Northeastern Pennsylvania is the most Catholic part of the United States. According to local experts, 80 percent of the population in the area around Scranton and Wilkes Barre identifies itself as Catholic. The region voted 63%-37% for Barack Obama and the Democrats on Nov. 4.
That is noteworthy because the Bishop of Scranton on Oct. 5 had used the strongest possible language to warn all Catholics against voting for any politicians who support the right to abortions, clearly referring to the Democratic Party platform. The Scranton situation has parallels in many other dioceses where a bishop published condemnation of votes for pro-choice Democrats before the election, but the people went the other way.
Certainly, the bishops meeting in Washington the week after the election are asking themselves the meaning of this disconnection.
According to some of the anti-abortion faithful this year, a vote for Barack Obama was equivalent to abandoning the Catholic faith. However, most people and most bishops did not consider voting for Obama to amount to renunciation of the faith. In fact, the ordinary Magisterium of the U.S. Catholic Bishops protects personal choice as stated in the pastoral letter, Faithful Citizenship. This document certainly played a role in the disconnection between the outspoken anti-choice message of individual bishops and the decisions of Catholic America in favor of Obama.
Catholic bishops have not only the right but also the responsibility to speak out on public issues. Abortion is morally wrong for every Catholic without exception. If there is some Catholic out there who doesn’t understand this, the bishops’ statements can leave no doubt. What is not clear, however, is the link between opposing abortion as a moral evil and a vote in any U.S. election.
No elected politician can vote to outlaw all abortions because the U.S. Constitution overrides legislation. As illustrated by Republican presidents going back to Ronald Reagan, saying you are pro-life will not end all abortions. But providing a better social and economic climate reduces the rate of abortions, as happened under the administration of pro-choice Democrat Bill Clinton. Despite a pro-life Republican president over the past eight years, the Guttmacher Institute reports that the rate of abortion among low-income women is increasing. Based on those facts, many Catholics such as Prof. Douglas Kmiec suggested that the pro-life vote should go to Obama and the Democrats.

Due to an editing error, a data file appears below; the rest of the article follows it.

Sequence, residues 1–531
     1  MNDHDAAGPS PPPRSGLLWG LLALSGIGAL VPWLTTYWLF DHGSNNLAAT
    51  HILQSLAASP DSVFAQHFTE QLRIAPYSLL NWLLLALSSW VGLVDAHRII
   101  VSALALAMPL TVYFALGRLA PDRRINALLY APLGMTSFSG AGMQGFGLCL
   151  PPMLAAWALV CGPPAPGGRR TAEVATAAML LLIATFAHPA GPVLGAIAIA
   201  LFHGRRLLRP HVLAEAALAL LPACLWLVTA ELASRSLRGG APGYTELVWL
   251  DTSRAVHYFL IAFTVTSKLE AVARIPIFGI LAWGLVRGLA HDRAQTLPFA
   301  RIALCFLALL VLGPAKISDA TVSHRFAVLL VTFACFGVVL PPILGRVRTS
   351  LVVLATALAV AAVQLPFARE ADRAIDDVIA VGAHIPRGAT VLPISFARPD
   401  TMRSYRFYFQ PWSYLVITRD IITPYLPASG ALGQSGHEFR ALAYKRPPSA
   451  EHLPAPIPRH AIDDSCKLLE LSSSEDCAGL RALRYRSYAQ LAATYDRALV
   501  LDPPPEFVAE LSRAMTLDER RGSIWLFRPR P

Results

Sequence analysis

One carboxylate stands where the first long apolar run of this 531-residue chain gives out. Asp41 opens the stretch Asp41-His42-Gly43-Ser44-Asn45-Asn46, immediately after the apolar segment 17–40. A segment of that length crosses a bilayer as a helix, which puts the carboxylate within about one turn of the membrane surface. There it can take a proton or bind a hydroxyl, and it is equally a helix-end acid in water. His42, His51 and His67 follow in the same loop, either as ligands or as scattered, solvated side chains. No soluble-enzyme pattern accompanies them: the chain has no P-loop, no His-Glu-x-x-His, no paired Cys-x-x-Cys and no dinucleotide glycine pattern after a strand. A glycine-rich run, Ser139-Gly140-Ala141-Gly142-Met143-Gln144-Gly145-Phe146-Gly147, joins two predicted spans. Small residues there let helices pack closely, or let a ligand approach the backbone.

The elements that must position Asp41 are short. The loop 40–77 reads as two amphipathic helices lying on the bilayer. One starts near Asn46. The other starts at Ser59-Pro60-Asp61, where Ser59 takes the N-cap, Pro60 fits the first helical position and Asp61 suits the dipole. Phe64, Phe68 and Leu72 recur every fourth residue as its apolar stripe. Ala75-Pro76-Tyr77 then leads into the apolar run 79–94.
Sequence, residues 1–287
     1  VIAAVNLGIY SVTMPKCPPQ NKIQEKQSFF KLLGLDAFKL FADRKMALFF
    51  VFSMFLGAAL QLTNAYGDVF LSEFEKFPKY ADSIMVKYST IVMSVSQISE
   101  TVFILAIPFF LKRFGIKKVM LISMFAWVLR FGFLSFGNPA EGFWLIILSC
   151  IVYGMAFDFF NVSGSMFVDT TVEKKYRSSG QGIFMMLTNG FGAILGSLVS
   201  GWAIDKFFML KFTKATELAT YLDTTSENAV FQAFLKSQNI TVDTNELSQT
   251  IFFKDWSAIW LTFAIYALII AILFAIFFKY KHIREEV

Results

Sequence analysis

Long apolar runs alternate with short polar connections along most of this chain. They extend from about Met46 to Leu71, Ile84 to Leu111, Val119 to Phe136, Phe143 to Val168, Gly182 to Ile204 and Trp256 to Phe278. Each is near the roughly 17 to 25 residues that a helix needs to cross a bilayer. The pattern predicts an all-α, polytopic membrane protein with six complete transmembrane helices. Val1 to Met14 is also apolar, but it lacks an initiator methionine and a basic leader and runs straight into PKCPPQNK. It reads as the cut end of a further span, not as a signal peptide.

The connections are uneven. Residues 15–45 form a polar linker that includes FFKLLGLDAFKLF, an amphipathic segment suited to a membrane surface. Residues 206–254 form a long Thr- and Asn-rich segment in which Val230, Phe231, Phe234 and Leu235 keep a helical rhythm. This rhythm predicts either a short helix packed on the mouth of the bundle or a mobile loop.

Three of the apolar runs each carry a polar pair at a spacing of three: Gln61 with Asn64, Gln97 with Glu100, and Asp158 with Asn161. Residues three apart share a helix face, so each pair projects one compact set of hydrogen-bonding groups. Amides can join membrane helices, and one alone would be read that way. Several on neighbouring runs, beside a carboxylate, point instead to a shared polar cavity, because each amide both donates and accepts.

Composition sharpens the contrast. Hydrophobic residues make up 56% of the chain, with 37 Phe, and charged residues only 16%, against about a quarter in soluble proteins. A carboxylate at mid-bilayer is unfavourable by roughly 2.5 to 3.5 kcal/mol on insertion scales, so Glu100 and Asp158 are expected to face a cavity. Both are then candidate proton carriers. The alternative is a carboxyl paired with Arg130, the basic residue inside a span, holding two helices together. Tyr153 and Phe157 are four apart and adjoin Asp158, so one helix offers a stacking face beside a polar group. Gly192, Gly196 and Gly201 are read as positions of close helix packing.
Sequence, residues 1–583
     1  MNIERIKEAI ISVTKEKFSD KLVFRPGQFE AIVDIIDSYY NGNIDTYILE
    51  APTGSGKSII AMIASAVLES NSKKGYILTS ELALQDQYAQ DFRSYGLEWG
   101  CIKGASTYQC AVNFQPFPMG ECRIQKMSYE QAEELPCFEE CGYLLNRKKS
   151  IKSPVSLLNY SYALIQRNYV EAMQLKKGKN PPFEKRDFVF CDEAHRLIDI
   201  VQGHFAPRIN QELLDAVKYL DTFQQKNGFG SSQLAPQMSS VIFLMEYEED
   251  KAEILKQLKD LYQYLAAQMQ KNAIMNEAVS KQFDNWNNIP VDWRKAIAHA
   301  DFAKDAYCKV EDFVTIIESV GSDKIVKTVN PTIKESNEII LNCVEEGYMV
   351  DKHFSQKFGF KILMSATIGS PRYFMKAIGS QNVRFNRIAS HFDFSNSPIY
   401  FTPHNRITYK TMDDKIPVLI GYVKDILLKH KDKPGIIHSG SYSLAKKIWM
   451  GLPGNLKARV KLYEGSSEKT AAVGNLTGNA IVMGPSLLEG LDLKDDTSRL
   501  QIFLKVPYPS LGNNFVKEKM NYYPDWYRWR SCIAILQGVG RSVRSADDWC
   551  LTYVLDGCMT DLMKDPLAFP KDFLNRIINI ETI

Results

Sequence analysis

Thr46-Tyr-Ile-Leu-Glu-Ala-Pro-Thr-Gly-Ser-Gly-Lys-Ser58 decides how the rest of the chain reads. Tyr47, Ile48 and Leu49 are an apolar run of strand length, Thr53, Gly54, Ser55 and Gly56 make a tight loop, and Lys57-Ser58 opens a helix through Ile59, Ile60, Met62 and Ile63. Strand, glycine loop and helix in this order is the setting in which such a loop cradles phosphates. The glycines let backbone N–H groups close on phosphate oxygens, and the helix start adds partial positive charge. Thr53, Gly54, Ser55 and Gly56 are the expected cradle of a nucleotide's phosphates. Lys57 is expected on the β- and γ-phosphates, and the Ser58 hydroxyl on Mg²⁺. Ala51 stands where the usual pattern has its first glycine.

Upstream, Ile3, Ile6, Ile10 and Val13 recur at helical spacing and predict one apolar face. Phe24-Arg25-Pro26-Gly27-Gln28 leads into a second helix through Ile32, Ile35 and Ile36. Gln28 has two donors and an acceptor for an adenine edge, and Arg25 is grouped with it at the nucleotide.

As Kmiec argued, it hasn’t worked to vote Republican over the past 30 years in the hope for a Supreme Court that would vote to reverse Roe v. Wade. What’s more, Kmiec argued, reversal of that Supreme Court decision would not end abortions. It would only return the issue to legislation in each state. Without Roe v. Wade’s regulations, some states could vote in abortion-on-demand, making the situation even worse than it is now.
In my opinion, the way to end abortion is the same way that slavery was ended: by constitutional amendment. But Article V affords no role to the executive branch in proposing such a constitutional amendment. Ultimately, any amendment requires ratification by three-fourths of the states. In sum, it is not a federal government power, but one exercised locally after a long public process.
So why does the Bishop of Scranton or any other bishop focus on a presidential election when instructing the faithful about the need to work against abortion? I don’t know. What seems clear to me, however, is that this strategy is deeply flawed and that most of the Catholic faithful in America have moved beyond the abortion issue in deciding their voting priorities every four years.
If you want abortion ended in this country, as I do, then it is time to wise up. Continuing to practice the same failed policy and expecting a different result is folly. Catholic America does not want bishops telling them they have to vote for Republicans on the single issue of abortion. Behind closed doors, I am sure that is what some bishops are telling other bishops and I expect to see all of them order a reexamination of the Pro-Life Movement.